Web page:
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Role of Right ventricular Pulmonary artery coupling in predicting adverse outcomes after coronary artery by-pass grafting surgery.
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  • Amir Mostafa,
  • Khalid Elnady M Y,
  • Basant Ashraf,
  • Mohamed Abdel Ghany
Amir Mostafa
Cairo University

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Khalid Elnady M Y
Maadi Military Hospital
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Basant Ashraf
Maadi Military Hospital
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Mohamed Abdel Ghany
Cairo University
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Abstract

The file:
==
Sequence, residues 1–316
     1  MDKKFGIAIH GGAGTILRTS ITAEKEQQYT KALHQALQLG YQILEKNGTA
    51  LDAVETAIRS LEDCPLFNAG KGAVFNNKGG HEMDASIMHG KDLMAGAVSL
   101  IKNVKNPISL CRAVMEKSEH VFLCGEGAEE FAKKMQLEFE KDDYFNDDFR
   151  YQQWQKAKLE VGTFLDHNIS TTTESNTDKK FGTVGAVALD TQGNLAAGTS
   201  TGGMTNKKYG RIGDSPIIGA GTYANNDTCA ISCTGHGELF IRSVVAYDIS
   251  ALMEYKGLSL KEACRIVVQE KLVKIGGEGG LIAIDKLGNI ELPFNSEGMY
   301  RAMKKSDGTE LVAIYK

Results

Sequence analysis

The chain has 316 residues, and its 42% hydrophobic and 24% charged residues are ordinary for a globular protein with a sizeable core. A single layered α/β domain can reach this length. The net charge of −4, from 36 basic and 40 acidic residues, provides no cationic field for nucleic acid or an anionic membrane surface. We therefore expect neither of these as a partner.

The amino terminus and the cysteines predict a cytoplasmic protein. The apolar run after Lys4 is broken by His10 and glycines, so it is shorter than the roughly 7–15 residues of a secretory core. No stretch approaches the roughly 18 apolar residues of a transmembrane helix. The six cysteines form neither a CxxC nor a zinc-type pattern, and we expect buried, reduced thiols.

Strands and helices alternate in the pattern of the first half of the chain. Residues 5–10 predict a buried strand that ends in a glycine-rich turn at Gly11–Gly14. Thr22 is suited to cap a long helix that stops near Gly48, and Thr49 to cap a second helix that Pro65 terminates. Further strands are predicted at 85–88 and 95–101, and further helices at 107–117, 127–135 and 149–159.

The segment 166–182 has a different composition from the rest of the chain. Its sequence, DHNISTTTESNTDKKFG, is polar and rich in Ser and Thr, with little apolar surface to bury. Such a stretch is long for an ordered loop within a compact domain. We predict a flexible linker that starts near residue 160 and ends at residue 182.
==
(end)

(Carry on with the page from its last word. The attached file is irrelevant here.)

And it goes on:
Introduction: Development of right ventricular dysfunction (RVD) is associated with adverse clinical outcome in patients doing coronary artery by-pass grafting (CABG). Right ventricular-pulmonary artery (RV-PA) coupling which describes the relationship between the RV systolic function and its afterload has been recently introduced as a prognostic parameter in multiple patient groups. In this study we evaluated the prognostic role of TAPSE/PASP ratio as a surrogate for RV-PA coupling in patients undergoing CABG. Methods: RV-PA coupling was assessed using the TASPE/PASP ratio. Echocardiography was done within 48 hours pre-operative and within 72 hours post-operative. The primary endpoint included postoperative RVD and rehospitalization within 3 months. Results: Among 100 patient doing CABG, the mean age was 59 years with predominant male gender. About 2 thirds of the patients were hypertensive and more than half of them were diabetic. The mean left ventricular ejection fraction was 62% and mean RV fractional area change (FAC) was 50% with mean TAPSE 19 mm and mean TAPSE/PASP of 0.62. Post-operative RVD developed in 35% of the patients and re-hospitalization for cardiac reasons occurred in 11%. The independent predictors of development of post-operative RVD were lower TAPSE/PASP ratio, presence of diabetes mellitus and higher levels of total Cholesterol (P-value: 0.03, 0.0001, 0.0001 respectively). The independent predictors of re-hospitalization were higher triglyceride levels and lower TAPSE/PASP Ratio (P-value: 0.02 and 0.002 respectively). Conclusion: TAPSE/PASP ratio as a surrogate for RV-PA coupling is a non-invasive simple bedside tool that can be used to predict adverse clinical outcomes in patients undergoing coronary artery by-pass grafting.